Fight or Flight: The Physiological Response

by Rusty Fleischer and Jerry Medol

Fight or flight?

Fight or flight? (Photo credit: Daniele Nicolucci photography)

Anger is the body’s fundamental physiological response to a perceived threat to you, your loved ones, your property, your self-image, your emotional safety or some part of your identity. The “fight or flight” response prepares your body to fight or flee from a perceived threat to your survival. It is a warning bell that tells you that something is wrong.

First described in the 1920s by Harvard physiologist Walter Cannon, this response is hard-wired into your brain and represents a genetic wisdom designed to protect you from bodily harm. This response corresponds to an area of the brain called the hypothalamus, which—when stimulated—initiates a sequence of nerve cell firing and chemical release that prepares your body for running or fighting.

When the “fight or flight” response is activated, chemicals such as adrenaline, noradrenaline and cortisol are released into the bloodstream and cause a series of very dramatic changes. The Medol Model calls these changes mind and body signs. Common mind and body signs include:

• Increased breathing rate and racing heartbeat

• Upset stomach or tightened stomach

• Tension in muscles

• Headache

• Inability to concentrate

• Feelings of hopelessness and powerlessness

• Thoughts of:

– Why me?

– When’s it going to stop?

– What does he/she want?

– It’s his/her fault.

– What’s your problem? When’s it going to end? What do I have to do?

By its very nature, the “fight or flight” system bypasses the rational mind—where more well thought out beliefs exist—and moves you into an “attack” mode. Thinking becomes distorted and fear becomes the lens through which you see the world.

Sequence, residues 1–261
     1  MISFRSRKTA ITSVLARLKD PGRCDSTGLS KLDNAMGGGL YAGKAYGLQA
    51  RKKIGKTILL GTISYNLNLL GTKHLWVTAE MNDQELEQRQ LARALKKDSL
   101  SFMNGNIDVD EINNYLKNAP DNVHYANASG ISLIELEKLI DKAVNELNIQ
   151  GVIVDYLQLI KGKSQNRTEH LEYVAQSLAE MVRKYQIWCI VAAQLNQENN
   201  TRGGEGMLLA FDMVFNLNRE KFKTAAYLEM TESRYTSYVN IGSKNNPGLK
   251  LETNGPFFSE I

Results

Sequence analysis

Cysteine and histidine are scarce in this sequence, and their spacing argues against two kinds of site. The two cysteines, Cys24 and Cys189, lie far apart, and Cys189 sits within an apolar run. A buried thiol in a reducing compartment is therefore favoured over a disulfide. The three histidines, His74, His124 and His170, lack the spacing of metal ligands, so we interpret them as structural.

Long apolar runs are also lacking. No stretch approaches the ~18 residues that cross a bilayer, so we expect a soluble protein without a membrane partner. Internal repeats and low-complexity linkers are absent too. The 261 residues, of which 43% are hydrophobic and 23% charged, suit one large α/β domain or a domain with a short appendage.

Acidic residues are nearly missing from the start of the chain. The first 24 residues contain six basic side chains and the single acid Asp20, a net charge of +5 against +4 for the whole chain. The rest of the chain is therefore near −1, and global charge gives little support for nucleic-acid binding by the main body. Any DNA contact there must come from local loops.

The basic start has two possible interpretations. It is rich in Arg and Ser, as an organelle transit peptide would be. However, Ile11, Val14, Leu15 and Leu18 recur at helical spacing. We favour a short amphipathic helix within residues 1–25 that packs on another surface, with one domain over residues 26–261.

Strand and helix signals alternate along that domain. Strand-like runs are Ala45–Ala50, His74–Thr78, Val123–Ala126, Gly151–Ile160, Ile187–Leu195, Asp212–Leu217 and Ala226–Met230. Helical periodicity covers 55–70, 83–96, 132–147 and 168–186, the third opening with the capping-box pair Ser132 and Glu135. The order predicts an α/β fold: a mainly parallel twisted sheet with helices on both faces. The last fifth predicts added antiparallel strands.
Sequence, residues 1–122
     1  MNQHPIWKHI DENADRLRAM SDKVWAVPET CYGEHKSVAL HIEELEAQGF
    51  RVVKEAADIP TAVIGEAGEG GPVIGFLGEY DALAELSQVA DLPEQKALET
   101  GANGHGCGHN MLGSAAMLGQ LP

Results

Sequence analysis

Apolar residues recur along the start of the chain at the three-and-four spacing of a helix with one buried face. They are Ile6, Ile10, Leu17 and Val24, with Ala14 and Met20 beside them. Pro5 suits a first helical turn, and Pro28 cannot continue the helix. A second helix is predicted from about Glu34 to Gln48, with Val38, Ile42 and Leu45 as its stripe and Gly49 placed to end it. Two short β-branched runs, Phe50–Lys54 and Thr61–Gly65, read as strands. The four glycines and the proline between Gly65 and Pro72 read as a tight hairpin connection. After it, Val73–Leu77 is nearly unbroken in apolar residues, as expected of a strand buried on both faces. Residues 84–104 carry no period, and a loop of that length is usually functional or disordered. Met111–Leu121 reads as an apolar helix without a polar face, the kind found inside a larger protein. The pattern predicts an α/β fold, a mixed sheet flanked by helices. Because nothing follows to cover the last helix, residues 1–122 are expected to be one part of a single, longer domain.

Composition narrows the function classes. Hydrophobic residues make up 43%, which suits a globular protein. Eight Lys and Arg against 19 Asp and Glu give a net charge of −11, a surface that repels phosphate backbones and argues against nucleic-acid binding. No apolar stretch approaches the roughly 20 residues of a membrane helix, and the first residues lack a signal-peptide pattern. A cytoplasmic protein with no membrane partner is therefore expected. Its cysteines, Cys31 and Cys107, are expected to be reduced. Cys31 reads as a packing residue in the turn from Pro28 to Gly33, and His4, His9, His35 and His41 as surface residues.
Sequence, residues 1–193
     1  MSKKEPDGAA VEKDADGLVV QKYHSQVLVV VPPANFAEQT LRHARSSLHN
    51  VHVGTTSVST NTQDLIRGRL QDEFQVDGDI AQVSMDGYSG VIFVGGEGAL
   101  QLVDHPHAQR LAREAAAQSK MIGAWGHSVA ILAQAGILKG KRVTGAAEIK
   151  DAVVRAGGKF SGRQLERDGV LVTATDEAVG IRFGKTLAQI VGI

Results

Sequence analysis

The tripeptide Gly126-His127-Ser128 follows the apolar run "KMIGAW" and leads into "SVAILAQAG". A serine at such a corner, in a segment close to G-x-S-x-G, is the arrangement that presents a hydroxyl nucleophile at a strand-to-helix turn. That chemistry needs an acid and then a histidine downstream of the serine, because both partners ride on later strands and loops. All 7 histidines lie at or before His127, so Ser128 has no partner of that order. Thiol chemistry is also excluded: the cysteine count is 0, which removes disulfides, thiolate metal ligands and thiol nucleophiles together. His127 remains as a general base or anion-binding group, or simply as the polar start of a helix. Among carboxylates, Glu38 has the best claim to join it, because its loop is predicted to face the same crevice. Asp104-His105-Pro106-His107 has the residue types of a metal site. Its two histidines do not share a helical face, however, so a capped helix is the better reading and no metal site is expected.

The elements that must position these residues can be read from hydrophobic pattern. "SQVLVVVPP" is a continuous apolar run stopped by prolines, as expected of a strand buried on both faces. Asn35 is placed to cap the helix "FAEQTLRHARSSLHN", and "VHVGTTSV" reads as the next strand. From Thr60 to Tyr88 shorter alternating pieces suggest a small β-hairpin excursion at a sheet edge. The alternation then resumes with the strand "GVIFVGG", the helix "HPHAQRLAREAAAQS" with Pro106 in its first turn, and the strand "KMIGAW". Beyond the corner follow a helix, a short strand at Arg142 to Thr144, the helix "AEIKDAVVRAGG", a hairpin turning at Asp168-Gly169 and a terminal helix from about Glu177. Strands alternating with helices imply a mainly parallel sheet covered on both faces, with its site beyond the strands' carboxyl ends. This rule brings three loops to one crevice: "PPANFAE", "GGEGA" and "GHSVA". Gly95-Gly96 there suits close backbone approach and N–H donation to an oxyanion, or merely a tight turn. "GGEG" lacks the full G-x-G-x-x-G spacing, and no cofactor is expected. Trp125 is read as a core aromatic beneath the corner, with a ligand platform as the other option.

“Fight or flight” is a reaction and is appropriate for life-endangered situations, but most anger situations are not life threating. Instead they have to do with situations that are based upon values and judgments, not danger. When you accept that you are not in danger, you can choose to respond and not react.

Once you learn to recognize the mind and body signals of “fight or flight” activation, you can learn to respond rather than react.

In all Anger Alternatives’ programs, the Medol Model offers tools to develop heightened awareness and mental acuity to:

• Change your emotional environment

• Activate emotional literacy and

• Implement the communication skills that create respect-based relationships

Everyone experiences anger, and it can be healthy. When you listen to the message of anger, anger can motivate you to stand up for yourself. Accepting anger can prompt you to make positive changes in your life and your relationships.


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